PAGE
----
Quite why the sword is so important to the King when he’s got a machine gun in his arsenal I can’t say. But the result is that you can dispense death in rapid bursts, so who am I to argue?

Bouncing around smoothly

The first thing to say about this game is that it looks nice. The graphics are neat and the baddies are varied and amusing. The backgrounds are well drawn and different on each level. The end of level baddies also look impressive. In fact it’s hard to think of any game of its ilk which is better presented.

Your character bounces around smoothly, and the collision detection is good, so you rarely find yourself arguing with your monitor about the validity of your character’s death.

As you progress, the levels offer some different challenges, as well as the usual array of dangerous leaps and troublesome nasties. I particularly like the underground levels, in which your path is lit by a little glowing sphere which rotates around our hear, illuminating only a small section of the screen – a nice touch.

On several levels you are challenged to stay ahead of the edge of the screen, which chases you relentlessly causing death on contact. In a similar vein you may also find yourself fighting your way out of a rapidly flooding cave system.

What about the gameplay?

Sadly, good presentation is not enough to make a good game. There are other features like playability to be considered. One of the hardest things to get right on any game is the difficulty level – too easy or too hard and you can quickly lose interest.

There is no question that some may find Sword just too difficult to bother with. It requires a lot of patience to get any distance with this game. Lives and indeed whole games can disappear rapidly. Learning from your mistakes is often the only way to get past certain hazards.

The patience needed to get you to the end of level baddies is nothing compared to the amount required to beat them. It is here that the game gets it all wrong. Apart from the baddies themselves, which suddenly make your character look very small and his gun seem very lame, the end of level screens are pretty dull.

With so many hits being required to kill the damn beasts, and so few options as to how to go about it, you may find it difficult to maintain both your concentration and your interest.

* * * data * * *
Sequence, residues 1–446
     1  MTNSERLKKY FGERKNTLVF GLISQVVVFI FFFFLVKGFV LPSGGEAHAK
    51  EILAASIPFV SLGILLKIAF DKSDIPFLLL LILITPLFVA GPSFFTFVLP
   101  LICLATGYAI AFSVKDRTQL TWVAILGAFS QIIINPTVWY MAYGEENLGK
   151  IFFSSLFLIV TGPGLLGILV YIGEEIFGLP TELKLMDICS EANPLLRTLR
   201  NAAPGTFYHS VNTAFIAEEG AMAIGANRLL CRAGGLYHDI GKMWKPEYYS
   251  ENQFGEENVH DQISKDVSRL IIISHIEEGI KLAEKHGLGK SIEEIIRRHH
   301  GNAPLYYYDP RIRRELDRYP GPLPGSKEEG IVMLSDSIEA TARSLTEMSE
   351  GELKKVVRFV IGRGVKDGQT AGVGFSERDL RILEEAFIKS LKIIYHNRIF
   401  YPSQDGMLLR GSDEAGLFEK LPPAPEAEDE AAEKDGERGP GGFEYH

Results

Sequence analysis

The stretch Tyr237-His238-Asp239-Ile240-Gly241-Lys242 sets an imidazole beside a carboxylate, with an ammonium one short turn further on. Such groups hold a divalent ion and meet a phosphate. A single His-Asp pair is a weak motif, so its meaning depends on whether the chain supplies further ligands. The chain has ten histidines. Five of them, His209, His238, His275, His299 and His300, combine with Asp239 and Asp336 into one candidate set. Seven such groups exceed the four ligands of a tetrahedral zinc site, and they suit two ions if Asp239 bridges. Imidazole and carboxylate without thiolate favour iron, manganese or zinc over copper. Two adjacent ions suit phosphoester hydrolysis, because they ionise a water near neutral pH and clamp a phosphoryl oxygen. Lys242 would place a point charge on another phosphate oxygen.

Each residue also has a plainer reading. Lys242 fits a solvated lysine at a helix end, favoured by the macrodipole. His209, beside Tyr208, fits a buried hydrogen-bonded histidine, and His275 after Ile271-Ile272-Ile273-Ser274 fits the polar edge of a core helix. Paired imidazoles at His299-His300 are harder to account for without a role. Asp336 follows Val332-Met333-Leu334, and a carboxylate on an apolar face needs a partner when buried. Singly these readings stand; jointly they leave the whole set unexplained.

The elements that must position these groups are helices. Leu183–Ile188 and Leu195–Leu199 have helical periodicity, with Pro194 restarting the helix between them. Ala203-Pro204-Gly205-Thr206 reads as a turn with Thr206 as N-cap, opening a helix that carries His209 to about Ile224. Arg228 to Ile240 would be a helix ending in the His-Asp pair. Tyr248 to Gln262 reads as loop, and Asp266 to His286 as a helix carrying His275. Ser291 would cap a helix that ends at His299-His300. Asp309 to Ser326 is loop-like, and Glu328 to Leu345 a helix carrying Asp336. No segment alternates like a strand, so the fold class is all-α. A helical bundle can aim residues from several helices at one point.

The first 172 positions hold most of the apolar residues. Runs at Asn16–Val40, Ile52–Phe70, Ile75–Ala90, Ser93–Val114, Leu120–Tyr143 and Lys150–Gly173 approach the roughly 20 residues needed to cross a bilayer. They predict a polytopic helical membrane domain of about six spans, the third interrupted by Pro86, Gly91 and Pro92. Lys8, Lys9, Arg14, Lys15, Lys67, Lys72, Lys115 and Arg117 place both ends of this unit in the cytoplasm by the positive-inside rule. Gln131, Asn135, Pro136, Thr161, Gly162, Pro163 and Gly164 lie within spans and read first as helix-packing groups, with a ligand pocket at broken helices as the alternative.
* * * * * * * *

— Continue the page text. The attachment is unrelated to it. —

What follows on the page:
No sneaky bits?

Another fundamental problem with this game is that it’s just too linear. There is only one route through each level, and there are no short cuts or other sneaky extra bits to keep you searching. If you reach a part which you can’t negotiate, you may find that giving up is a more tempting option than wasting your life away getting it right.

Fortunately you have plenty of lives, and any baddies you managed to kill with your previous life do not return to haunt you.

After you lose your final life, you can continue your game from the start of that level, and there are level codes to prevent you from having to fight your way through the early levels every time you load the game.

Having rooms or locations which can be visited in the order you chose, as in Super Mario World, would allow you to continue playing the game despite being stuck at a particular point. As for the music, an option to turn it off would be a bonus.

Overall, this is a well designed, challenging game. The animation is smooth, and there is enough variation between the levels to keep you wondering what the next one will be like, provided that you can be bothered to keep going.

Despite its many good features, Sword really doesn’t have anything new to add to the platform game genre. However, if you have plenty of time on your hands and are craving a fix of platform action, this should have enough to keep you entertained.